A particular source of inspiration for me is the fourth canto of the Inferno. Dante and his guide Virgil visit the First Circle of Hell, to which are consigned good and honorable men who, not being Christians, are nevertheless damned because “they lacked baptism” and “did not worship God in fitting ways.” For the most part they represent the great men of pre-Christian antiquity, though some medieval Muslims (Averroes, Avicenna, Saladin) are also among them. Being serious about his religion, Dante never flinches from the harsh judgment it demands: that, Christianity being the Truth, non-Christians are, at bottom, wrong — ignorant, superstitious, damned. “Though they have merits, that’s not enough.” However wise and good they may have been in some ways, they were in the end — even Aristotle, “the master of the men who know” — simply wrong about that which mattered most. And so Virgil, as he prepares to lead Dante into the presence of such intellectual giants as Thales and Democritus, Plato and Socrates, Homer and Horace, says simply, “Let us descend into the blind world now.”

But Dante is no Vizzini (“Plato, Aristotle, Socrates? Morons.”), and despite his principled rejection of some of these men’s most fundamental beliefs, he approaches them not with contemptuous dismissal but with awe. “Great-hearted souls were shown to me,” he says of those he meets in the First Circle, “and I still glory in my having witnessed them.” And when he is invited to take his place among the great (damned) poets of the past — Homer, Horace, Ovid, Lucan, and Virgil — Dante’s attitude is an appropriate mixture of pride and humility. “And even greater honor then was mine,” he writes, “for they invited me to join their ranks — I was the sixth among such intellects. So did we move along [together] toward the light.” There is in Dante’s attitude none of the wishy-washy “all religions are true” universalism, nor of the “formerly all the world was insane” cockiness, which characterize so much of today’s philosophical and religious discussion. And, despite his categorical rejection of paganism, he nevertheless aspires to be worthy of the great pagans’ company, to continue the tradition they began, to “move along” with them “toward the light.”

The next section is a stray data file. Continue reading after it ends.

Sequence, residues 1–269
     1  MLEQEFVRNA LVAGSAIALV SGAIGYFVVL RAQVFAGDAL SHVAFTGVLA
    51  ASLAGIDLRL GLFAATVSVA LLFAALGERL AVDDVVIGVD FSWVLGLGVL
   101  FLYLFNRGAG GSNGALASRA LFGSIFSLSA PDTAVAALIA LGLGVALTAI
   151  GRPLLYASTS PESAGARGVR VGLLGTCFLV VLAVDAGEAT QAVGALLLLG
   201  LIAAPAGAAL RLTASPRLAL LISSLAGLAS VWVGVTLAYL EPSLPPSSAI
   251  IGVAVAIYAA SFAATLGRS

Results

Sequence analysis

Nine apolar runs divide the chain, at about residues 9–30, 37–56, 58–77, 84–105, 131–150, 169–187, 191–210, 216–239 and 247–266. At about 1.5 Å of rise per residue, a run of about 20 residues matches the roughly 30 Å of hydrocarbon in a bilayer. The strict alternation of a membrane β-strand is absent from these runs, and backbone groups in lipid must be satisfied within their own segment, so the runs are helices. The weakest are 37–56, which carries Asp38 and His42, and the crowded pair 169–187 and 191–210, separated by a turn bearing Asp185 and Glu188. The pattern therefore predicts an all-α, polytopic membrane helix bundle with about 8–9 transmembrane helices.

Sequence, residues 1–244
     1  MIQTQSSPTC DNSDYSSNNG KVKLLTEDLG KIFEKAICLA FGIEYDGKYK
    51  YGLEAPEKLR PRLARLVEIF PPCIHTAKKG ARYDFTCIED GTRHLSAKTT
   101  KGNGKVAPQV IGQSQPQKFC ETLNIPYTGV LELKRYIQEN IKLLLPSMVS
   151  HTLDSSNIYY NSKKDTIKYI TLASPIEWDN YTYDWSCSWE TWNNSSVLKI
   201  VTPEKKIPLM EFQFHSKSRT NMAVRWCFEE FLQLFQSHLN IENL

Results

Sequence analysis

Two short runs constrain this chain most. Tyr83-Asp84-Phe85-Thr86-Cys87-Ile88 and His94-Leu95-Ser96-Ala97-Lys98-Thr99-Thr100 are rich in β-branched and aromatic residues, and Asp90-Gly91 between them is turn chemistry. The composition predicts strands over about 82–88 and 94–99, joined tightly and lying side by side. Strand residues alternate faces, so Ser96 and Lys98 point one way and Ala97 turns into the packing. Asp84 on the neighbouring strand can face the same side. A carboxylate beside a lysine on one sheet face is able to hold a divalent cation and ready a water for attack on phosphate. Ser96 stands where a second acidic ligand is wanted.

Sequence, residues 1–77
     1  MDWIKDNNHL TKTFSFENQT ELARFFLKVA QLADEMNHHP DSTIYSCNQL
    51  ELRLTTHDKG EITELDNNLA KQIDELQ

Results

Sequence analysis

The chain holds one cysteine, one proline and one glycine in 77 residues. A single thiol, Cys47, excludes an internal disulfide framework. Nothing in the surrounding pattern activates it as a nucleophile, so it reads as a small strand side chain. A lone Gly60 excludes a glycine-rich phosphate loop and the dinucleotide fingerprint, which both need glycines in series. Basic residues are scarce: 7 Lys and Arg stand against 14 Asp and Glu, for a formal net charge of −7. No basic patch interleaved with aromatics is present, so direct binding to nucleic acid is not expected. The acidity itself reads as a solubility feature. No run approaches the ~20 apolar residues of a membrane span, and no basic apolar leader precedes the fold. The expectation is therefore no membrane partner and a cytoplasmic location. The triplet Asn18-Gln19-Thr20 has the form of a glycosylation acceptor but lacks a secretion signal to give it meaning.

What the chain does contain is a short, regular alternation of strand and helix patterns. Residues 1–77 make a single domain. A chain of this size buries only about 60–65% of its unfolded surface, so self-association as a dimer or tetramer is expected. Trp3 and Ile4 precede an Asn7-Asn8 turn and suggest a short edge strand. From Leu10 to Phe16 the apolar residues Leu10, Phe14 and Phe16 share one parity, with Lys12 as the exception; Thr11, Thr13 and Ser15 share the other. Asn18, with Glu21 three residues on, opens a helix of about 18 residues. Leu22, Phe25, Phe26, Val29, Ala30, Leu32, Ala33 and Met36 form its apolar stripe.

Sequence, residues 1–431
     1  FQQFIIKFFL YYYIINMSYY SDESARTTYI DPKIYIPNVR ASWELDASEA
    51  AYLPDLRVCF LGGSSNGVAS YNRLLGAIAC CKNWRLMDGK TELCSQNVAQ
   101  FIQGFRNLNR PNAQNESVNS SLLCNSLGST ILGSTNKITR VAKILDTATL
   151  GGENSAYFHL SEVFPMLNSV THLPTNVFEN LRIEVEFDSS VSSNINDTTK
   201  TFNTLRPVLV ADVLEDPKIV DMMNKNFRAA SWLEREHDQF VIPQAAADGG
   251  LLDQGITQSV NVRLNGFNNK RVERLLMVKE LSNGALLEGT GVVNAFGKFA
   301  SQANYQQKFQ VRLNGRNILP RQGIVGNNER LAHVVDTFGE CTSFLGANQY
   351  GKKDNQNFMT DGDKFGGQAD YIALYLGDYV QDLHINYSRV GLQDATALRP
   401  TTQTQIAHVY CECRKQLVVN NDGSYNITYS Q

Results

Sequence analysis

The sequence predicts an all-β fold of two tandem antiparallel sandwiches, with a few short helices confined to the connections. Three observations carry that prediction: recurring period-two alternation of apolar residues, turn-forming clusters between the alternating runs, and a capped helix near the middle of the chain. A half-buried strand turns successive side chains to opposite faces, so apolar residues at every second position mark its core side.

In my own reading of the great Christian literature of the past (and, very occasionally, of the present), the words of Inferno IV often come back to me. Opening up a volume of Augustine, of Traherne, of Dante himself, I think, “Let us descend into the blind world now.” These men were, in my judgment, simply wrong about some very important things, including, most fundamentally, the existence of God — but they were giants, masters of the men who know, spiriti magni, and it would be an honor to be worthy to join their ranks — not as a Christian, any more than it was as a pagan that Dante joined Homer and Virgil, but as part of a tradition larger and grander than any one creed — and move along toward the light.

Besides Dante, another useful model for how, as an atheist, to relate to religion is provided by St. Augustine and the metaphorical spolia Aegyptiorum he calls for in De doctrina christiana: